With our constant (but justified) complaints in the Western world about public bathrooms and the horrors that accompany them, we often take for granted the fact that we are provided with places that we can relieve ourselves in, for the most part, sanitary conditions. Unfortunately, many parts of India cannot afford this luxury, leading to open defecation: a not only unsanitary practice, but also a practice which greatly disadvantages girls. For this reason, many girls are unable to focus in school or are forced to drop out altogether, making India’s toilet issue both an issue of health and an issue of women’s rights.
Despite the fact that the World Health Organization recently promoted India from being a poor country to a middle income country, about 70 percent of households still do not have a toilet in their home. Along with this, about 60 percent of India still engages in open defecation which, apart from the major health risks this raises, impacts women the most, especially in public schools.
As many schools in India’s rural areas lack toilets, students have to defecate in the open. Although this is not as much of a problem for boys, as public urination and defecation is fairly commonplace in India from men, girls are often followed by their male classmates when trying to relieve themselves and as a result are often sexually harassed and assaulted. Due to the toxic Indian tendency of victim-blaming in these instances, many girls are forced to drop out of school due to not only the fear of sexual assault, but the fear of bringing “shame” to their family’s honor.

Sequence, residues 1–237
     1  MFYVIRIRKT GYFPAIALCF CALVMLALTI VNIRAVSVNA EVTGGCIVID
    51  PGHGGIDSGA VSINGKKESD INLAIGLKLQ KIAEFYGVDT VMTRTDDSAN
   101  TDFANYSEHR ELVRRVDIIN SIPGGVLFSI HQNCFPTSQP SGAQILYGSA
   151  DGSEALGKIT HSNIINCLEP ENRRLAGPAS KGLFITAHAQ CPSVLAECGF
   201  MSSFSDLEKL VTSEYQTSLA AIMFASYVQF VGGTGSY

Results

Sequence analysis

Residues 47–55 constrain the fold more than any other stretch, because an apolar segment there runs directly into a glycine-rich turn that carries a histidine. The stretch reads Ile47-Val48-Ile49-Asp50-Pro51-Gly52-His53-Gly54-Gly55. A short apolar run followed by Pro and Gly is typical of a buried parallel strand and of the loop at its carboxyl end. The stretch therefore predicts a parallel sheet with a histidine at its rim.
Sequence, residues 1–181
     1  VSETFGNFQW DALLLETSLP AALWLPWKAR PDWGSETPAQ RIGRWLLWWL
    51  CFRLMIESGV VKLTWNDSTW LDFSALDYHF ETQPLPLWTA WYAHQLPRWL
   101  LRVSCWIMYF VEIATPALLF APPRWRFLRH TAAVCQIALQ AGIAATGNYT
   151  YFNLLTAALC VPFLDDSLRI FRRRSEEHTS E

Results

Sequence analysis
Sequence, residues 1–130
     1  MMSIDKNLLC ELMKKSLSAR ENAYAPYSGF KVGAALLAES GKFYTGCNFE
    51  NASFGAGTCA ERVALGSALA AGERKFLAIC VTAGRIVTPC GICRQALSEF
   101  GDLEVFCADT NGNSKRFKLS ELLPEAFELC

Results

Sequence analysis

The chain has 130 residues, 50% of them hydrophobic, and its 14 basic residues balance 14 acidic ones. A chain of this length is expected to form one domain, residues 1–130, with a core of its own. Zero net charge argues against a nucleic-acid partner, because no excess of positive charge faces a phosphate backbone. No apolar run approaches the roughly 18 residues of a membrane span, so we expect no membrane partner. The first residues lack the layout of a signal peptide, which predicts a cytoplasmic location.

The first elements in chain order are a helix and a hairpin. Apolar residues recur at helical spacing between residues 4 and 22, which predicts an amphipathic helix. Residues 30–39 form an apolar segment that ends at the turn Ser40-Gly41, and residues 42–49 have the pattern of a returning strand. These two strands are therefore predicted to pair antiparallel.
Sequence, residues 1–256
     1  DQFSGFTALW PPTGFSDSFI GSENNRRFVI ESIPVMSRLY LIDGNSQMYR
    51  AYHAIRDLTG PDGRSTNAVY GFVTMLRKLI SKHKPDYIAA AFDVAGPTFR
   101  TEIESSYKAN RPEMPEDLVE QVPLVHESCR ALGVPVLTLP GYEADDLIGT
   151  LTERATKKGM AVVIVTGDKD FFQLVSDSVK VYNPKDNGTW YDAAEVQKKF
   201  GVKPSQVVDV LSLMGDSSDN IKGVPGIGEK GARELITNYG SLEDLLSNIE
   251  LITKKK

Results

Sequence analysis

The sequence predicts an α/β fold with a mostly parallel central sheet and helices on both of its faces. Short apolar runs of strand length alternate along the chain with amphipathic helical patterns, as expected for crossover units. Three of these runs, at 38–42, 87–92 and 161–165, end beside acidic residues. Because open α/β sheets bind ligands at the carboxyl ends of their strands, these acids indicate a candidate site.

Along with this threat, the lack of sufficient bathrooms in Indian schools poses many health risks to young girls that also contribute to the female dropout rate. For instance, as many girls want to avoid relieving themselves at school, girls often refrain from drinking water at school and as a result suffer from dehydration throughout the day and have to be sent home from school early. Additionally, the pain and discomfort girls experience from waiting to use the bathroom also results in having to leave school, negatively impacting their ability to learn at the same level as their male counterparts.
Menstruation only adds to this problem. Every month, girls in India have to undergo the struggle of attending school without having a proper place to change and dispose of their sanitary napkin. Also, as feminine sanitation products are not readily available in India, many girls from poor families do not enjoy this luxury and have to miss school in order to avoid bleeding at school. The lack of accommodation the school system provides for menstruating girls greatly fuels the dropout rate for girls in the Indian school system.
Though Prime Minister Narendra Modi has lived up to his promises of tackling this issue by building one million toilets, these facilities are often left unused as many of them are not connected to clean water and sewage systems. Additionally, despite this action, there has been no widespread effort to rid India of its culture of public defecation, which is the main issue.
Though sanitation is not usually associated with the issue of education, it plays a major role in a student’s ability to learn, and even more so for female students. Girls cannot continue to lose their education simply for being girls.